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ARMENIA: Imprisonment, no registration, and no identity documents for JWs

Armenia continues to jail Jehovah's Witness conscientious objectors, in clear breach of its Council of Europe and OSCE commitments, although human rights ombudsman Larisa Alaverdyan has denied to Forum 18 News Service that the commitments have been broken. The head of the state religious affairs department, Hranush Kharatyan, has rejected the right upheld in international human rights agreements of religious believers to spread their beliefs by peaceful means. An alternative service law is theoretically in force, but in practice cannot yet be applied. Jehovah's Witnesses see the alternative service terms as excessive punishment for their refusal to do military service, and are also being denied identity documents – necessary eg. for employment or marriage - on completing jail terms. Also, for the twelfth time since 1995, Jehovah's Witneses have been denied state registration. Stefan Buchmayer, the OSCE's Yerevan human rights officer, told Forum 18 that "one cannot find real legal justification for the refusal."

Armenia's Jehovah's Witness community has just received its twelfth registration denial since 1995, with fourteen members in prison for refusing military service on religious grounds and a further eleven expecting to be tried for refusing the lengthy and harsh alternative service, the terms of which they see as a punishment for refusing military service. Problems for those completing prison terms also seem to be mounting. Jehovah's Witnesses told Forum 18 News Service that seventeen recently freed young men are being refused identity documents (internal passports) because they are not registered with the military commissariat, while a further seven who have identity documents are being refused residency registration, a requirement in Armenia.

Officials blame the Jehovah's Witnesses for allegedly failing to try to resolve these problems with the government. "If those being released are not getting passports they have put themselves in that situation," the human rights ombudsman Larisa Alaverdyan told Forum 18 from the capital Yerevan on 2 August. Hranush Kharatyan, head of the government's religious affairs department, told Forum 18 the same day that the Jehovah's Witnesses had failed to respond to her invitations to discuss how to amend their statute to get registration.

Fifteen Jehovah's Witnesses from various parts of Armenia, who did not possess an internal passport before they were called up by the army, found that after their release the local military commissariat refused to issue a certificate to them until they are registered with the military commissariat, saying they will not issues the certificates until the Jehovah's Witnesses have served their time. The passport office will not issue an internal passport without this certificate. In two further cases, both in central Yerevan, two young men who had passports before their prison terms were refused them when they asked for their return. Both have made official complaints to the military commissariat and the general prosecutor.

"This is a clear violation of their human dignity – they can't do anything without a passport," Jehovah's Witness lawyer Rustam Khachatryan told Forum 18 from Yerevan on 2 August. "They can't get a job or even marry. But our clever state does allow people to pay taxes without a passport." He said the military commissariats are obliged to give out these certificates, but said they deliberately refuse to give them to Jehovah's Witnesses.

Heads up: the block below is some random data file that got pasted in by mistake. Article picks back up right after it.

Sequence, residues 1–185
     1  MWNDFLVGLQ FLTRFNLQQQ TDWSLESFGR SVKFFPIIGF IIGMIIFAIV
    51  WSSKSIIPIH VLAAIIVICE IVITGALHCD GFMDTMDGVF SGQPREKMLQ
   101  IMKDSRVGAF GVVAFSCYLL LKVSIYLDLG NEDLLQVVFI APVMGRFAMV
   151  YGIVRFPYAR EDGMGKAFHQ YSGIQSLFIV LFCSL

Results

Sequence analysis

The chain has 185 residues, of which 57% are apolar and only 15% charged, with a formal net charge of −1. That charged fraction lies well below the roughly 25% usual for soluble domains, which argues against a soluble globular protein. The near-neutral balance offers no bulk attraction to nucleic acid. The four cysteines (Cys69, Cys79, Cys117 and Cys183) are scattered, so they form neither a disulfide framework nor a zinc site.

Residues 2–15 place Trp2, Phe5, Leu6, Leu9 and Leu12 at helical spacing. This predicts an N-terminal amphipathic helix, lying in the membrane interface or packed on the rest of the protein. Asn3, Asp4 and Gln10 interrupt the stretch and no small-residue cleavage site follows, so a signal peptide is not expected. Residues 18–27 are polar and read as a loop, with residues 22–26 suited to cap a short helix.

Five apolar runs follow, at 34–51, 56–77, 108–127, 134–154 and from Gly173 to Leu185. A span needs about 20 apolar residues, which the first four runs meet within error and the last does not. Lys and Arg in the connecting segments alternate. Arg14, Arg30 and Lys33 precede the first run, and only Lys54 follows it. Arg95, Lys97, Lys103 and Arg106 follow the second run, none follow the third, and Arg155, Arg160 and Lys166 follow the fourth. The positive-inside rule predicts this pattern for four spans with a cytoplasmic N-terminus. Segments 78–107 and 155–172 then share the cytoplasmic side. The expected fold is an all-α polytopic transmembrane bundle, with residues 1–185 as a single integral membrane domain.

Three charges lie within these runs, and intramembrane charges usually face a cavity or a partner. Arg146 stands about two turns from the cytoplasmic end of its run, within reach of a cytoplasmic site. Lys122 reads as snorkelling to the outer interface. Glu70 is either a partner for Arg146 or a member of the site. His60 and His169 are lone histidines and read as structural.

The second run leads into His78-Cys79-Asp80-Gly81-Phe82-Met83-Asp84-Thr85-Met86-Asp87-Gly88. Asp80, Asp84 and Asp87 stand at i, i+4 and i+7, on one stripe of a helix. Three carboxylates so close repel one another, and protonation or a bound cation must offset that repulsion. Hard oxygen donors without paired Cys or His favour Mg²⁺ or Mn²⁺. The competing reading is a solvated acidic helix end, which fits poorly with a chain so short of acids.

Human rights ombudsman Alaverdyan agreed that the lack of a passport would create "an awful lot of problems" in Armenia. "People can't leave the country, can't vote, can't engage in any legal transactions, for example." But she said the Jehovah's Witnesses have not reported the problem to her and unless they do she can take no action. Yet she insisted they have to comply with the law and get the required certificates from the military commissariat like any other young men.

The Jehovah's Witnesses have been applying for registration as a religious community since the early 1990s, but their opposition to military service and what many regard as their aggressive style of proselytism have offended state officials and the leadership of the dominant Armenian Apostolic Church.

Their latest application was submitted for the required "expert assessment" to the government religious affairs department on 16 March, three months after a meeting between state officials and the Jehovah's Witnesses organised by the Yerevan office of the Organisation for Security and Cooperation in Europe (OSCE) tried to break the registration deadlock. The religious affairs department concluded on 24 March that the Jehovah's Witness statute was in accordance with the law. "We didn't refuse the application – we gave a positive view about registration," its head, Hranush Kharatyan, told Forum 18.

The Jehovah's Witnesses then submitted the application to the State Registry of Legal Entities at the Ministry of Justice on 18 May, but it ruled at the end of June that the statute contradicted the religion law and other laws. Gyurgen Sarkisyan, who maintains the State Registry, had previously told Forum 18 that "with an expert conclusion signed by the minister and all documents, they will be registered" (see F18News 4 February 2004 http://www.forum18.org/Archive.php?article_id=245). Sarkisyan's phone was not being answered when Forum 18 tried to speak to him on 2 August.